Increase if mothers obese, diabetic, on antiseizure meds
Prognosis: __% survival perinatally due to __ __. Prevalence has __ due to increased survival.
90%, improved medical management (antibiotics, ventricular shunts and urinary management), increased.
Survival into adulthood is ~85%
How would you repair a lesion?
Surgical placement of neural tissue and meninges within the spinal canal.
Usually done within 24-48 hours of birth (prevents infections and limit the neurological injury)
Can a shunt and closure be performed at the same time?
Fetal (prenatal) surgery has these potential outcomes:
decreases continued neurological damage occurring during the last months of pregnancy.
decrease hindbrain herniation
What hospitals are presently conducting RCT of fetal surgery?
Children's Hospital of Philadelphia
University of California SF
Name some complicating conditions: (4)
Arnold Chiari II
Cranial nerve palsies (VI, IX, X)
Info about hydrocephalus...
25% born with this, add. 60% more will develop after surgical closure.
Associated with arnold chiari II
over 80% require CSF shunting (can be externally programmed to adjust the flow in shunt, variety of ventriculoperitoneal shunting procedures)
Fever, malaise, vomiting/change in appetite, recurring headache, changes in speech, decreased school performance/memory, are symptoms for what?
Hydrocephalus or shunt dysfunction
More: incontinence worsens, difficulties w/ visuomotor/perception, decreased activity level/difficult to arouse in morning, increase irritability, onset or increase incidence or seizures, edema&redness along shunt.
Malformation of cerebellum, pons resulting in caudal displacement of the brain stem through foramen magnum is...
Arnold Chiarii II
CSF flow is disrupted leading to hydrocephalus
possible compression of cranial nerves and brain stem (if severe enough)
Stretch pressure on brachial plexus (if severe enough)
*diff. reasonings for this disease (first two mentioned)
Management of Arnold Chiari depends on __ & __. Can lead to __. outcomes appear better with __ __. What does surgery involve?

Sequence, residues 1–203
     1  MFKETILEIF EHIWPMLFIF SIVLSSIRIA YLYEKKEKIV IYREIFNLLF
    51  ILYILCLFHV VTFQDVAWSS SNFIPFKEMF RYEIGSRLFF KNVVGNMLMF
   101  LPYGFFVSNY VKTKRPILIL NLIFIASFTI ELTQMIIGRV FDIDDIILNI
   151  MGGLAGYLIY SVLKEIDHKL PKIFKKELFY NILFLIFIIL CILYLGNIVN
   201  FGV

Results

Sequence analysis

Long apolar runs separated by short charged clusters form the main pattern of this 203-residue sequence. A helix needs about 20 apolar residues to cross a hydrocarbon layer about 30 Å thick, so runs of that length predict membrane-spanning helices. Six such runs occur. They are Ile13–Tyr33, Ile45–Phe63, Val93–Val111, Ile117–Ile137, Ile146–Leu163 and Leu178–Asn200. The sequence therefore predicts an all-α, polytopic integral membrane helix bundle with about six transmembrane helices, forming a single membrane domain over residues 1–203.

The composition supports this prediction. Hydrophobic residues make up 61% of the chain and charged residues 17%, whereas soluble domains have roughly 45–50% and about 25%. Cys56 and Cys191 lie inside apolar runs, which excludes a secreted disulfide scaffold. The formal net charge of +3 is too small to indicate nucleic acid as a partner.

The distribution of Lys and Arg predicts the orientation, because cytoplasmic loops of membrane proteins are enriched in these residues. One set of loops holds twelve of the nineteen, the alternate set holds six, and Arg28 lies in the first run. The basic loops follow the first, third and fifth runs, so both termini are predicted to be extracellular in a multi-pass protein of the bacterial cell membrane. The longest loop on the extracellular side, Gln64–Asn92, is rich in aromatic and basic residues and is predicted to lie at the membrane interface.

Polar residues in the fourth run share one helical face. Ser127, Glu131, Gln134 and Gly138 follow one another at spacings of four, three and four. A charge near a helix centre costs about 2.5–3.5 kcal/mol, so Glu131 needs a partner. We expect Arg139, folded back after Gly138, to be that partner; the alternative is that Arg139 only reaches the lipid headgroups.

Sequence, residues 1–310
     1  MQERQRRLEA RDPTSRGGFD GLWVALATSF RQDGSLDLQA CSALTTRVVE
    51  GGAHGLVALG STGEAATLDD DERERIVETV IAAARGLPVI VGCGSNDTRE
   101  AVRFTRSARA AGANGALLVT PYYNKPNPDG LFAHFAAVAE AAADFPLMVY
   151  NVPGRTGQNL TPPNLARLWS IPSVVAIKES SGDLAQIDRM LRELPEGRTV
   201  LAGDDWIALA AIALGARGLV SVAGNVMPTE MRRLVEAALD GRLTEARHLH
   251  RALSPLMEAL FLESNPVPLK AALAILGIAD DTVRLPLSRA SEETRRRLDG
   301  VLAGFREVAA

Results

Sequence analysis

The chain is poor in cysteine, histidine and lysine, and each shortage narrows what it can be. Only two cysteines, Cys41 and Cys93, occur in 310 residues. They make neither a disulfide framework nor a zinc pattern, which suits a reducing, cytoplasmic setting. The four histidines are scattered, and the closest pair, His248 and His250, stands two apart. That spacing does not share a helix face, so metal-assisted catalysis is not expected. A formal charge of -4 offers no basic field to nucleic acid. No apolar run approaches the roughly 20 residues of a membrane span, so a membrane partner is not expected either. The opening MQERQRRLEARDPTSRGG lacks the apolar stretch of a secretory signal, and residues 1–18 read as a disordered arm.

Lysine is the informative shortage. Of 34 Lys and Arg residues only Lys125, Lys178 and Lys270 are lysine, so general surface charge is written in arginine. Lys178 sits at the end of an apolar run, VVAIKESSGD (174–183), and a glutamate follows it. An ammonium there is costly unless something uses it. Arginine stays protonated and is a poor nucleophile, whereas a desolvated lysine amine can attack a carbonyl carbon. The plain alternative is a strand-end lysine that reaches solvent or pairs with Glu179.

severity & progression. Mortality. Early surgery.
Surgery involves decompressing brain stem (remove part of lamina in upper cervical area, may decompress the posterior fossa in older individuals)
Cn VI oculomotor weakness in __ __. CN IX and X = __ & __ dysfunction. What is the management for these CN palsies?
lateral recuts. Pharyngeal and laryngeal dysfunction.
Management - neurosurgical shunting/decompression may be necessary with mixed impact on CN palsies.
Progressive Neurological dysfunctions with myelodysplasia include...
tethered spinal cord
Definition, symptoms, and management for hydromyelia include:
Excessive CSF accumuluation in the spinal cord
Symptoms: Rapid increase scoliosis due to peripheral n. damage to spinal muscle innerv. Increase weakness & perhaps spasticity in the UE's.
Management - revision of VP shunt; spinal shunting
With increasing scoliosis you can suspect hydromyelia or thethered cord if lesion is below T12. Above T12 ....
Child may not have the musculature to support spine.
Symmetrical BOS in sit-to-stand, Sitting orthosis or spinal bracing, surgical fusion.
Hip dislocation: most common in high levels due to flaccidity (T12) or L2-3 due to unopposed action of hip flexors and adductors. characteristics?
Varied opinion on whether to surgically intervene as children may lose function.